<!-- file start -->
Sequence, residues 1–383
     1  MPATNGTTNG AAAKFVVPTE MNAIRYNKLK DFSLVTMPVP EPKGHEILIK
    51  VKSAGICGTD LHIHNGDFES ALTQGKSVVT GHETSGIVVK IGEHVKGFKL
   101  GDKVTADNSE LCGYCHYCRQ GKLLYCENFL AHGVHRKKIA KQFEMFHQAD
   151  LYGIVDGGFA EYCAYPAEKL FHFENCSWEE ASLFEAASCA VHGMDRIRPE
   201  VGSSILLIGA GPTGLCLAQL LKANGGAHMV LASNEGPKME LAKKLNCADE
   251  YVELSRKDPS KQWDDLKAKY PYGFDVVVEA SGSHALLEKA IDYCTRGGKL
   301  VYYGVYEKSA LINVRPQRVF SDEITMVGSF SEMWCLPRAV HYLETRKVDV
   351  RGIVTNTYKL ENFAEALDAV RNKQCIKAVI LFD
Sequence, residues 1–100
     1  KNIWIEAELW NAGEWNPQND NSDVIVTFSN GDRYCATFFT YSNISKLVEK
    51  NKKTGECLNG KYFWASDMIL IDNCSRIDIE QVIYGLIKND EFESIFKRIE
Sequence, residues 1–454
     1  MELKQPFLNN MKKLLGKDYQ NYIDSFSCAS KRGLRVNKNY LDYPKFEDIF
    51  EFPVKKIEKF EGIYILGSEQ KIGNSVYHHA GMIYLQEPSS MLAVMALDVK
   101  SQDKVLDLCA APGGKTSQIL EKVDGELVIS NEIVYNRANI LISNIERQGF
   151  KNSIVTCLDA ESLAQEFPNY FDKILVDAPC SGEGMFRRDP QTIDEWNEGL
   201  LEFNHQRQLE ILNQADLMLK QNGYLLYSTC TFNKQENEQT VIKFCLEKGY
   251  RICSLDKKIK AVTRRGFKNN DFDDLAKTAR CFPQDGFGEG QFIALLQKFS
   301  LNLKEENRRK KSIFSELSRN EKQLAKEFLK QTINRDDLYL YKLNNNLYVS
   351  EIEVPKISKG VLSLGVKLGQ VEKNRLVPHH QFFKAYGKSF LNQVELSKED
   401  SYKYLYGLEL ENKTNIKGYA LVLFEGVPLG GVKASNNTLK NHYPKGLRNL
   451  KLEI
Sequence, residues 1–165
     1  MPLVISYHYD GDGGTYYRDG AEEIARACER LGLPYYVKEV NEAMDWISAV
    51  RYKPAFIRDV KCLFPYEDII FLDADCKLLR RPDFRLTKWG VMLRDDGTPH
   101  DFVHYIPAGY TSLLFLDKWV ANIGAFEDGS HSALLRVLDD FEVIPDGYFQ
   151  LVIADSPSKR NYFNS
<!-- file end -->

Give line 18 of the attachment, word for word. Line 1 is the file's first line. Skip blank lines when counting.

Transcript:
   201  LEFNHQRQLE ILNQADLMLK QNGYLLYSTC TFNKQENEQT VIKFCLEKGY